You plug in your iPhone or put it on a wireless charger to charge the battery, come back later, and it hasn’t charged. What happened? Many things can go wrong. Let’s take a look at some of the most common charging issues on iPhone and what you can do about it.
General troubleshooting advice
One of the most basic troubleshooting techniques is called “swapping with known good parts.” Take an accessory that you think will not work and replace it in your configuration with an identical part that is new or already known to work.
Do you have a loading problem? Replace your old cable with a new one. If the charging process works with the new cable, the problem was the old cable.
You can reproduce the process with all the components of the configuration, including the iPhone itself (borrow a friend’s iPhone and see if it recharges using your charger) and whatever the USB power source you are using. Try another wall adapter, USB hub, computer USB port, or a different outlet.
Beyond this basic technique, here is a more in-depth look at some of the other things you can try.
Restart your iPhone
Apple iPhone software is sometimes confused about charging operations due to programming errors or bugs. Sometimes this software freezes and does not work properly. The best way to temporarily resolve this issue is to restart your phone.
On iPhone X or iPhone 11, press and hold the side button and one of the volume rocker buttons at the same time until the “Slide to Power Off” screen appears. Release the buttons and slide your finger across the screen to turn off the phone.
On iPhone 8 or earlier, press and hold the side button until the “Slide to Power Off” screen appears. Release the side button and slide your finger across the screen to turn off the phone.
On iPhone SE, 5 or earlier, press and hold the top button until the “Slide to Power Off” screen appears. Release the button and slide your finger across the screen to turn off the phone.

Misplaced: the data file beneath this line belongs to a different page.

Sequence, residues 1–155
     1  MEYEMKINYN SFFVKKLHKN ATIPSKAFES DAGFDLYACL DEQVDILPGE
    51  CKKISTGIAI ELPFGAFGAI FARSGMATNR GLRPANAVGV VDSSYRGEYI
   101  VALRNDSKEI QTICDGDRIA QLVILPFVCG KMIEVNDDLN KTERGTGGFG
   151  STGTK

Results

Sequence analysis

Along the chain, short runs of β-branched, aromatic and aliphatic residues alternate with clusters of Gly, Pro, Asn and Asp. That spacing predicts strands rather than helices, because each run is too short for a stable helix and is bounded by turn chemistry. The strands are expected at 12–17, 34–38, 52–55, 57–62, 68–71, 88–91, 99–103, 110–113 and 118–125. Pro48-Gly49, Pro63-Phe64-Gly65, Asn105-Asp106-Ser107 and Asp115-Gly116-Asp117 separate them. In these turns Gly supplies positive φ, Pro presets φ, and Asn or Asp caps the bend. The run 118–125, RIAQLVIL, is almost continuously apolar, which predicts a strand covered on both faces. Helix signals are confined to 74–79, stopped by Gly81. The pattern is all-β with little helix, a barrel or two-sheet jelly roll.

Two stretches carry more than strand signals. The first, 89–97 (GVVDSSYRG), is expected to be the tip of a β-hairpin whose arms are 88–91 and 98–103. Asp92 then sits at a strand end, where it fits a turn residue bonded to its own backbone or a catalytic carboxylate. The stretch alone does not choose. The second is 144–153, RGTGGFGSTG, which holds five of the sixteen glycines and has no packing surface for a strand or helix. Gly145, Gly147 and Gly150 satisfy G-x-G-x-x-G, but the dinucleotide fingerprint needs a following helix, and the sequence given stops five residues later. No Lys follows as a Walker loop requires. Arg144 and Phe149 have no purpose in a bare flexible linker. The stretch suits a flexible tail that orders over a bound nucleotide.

Once the screen goes black, press and hold the side button until you see the Apple logo in the middle of the screen.
Once the phone has finished booting, try to charge the phone and see if it works.
After rebooting, it’s a good idea to see if there are any updates available for your IPhone operating system (called iOS) which could solve the charging problem. To do this, see the step below.
Update your iPhone OS
The software that controls the charge on your iPhone may contain errors. Sometimes Apple detects these errors and fixes them with updates.
There is a catch: your iPhone battery must be at 60% or more for the update. Apple demands it because if your battery dies during the update, it can ruin your phone.
If you agree on battery life, here’s how to update your iPhone: go to Settings> General> Software Update to see if an iOS software update is available. If so, update, wait for the phone to restart, and then try to charge the phone again.
Check your Lightning cable
If restarting and updating your phone hasn’t helped, it’s time to start looking for potential hardware problems.
Apple has a special brand name for the charging connector at the bottom of the iPhone: Lightning. Take a look at your Lightning to USB charging cable at both ends.
Are the cable connectors frayed or broken?
Are there exposed wires coming out of the plastic insulation anywhere along the cable?
Is the cable bent or bent at an acute angle?
If the answer is “yes” to any of these questions, recycle broken cable with other electronic waste and buy a new one.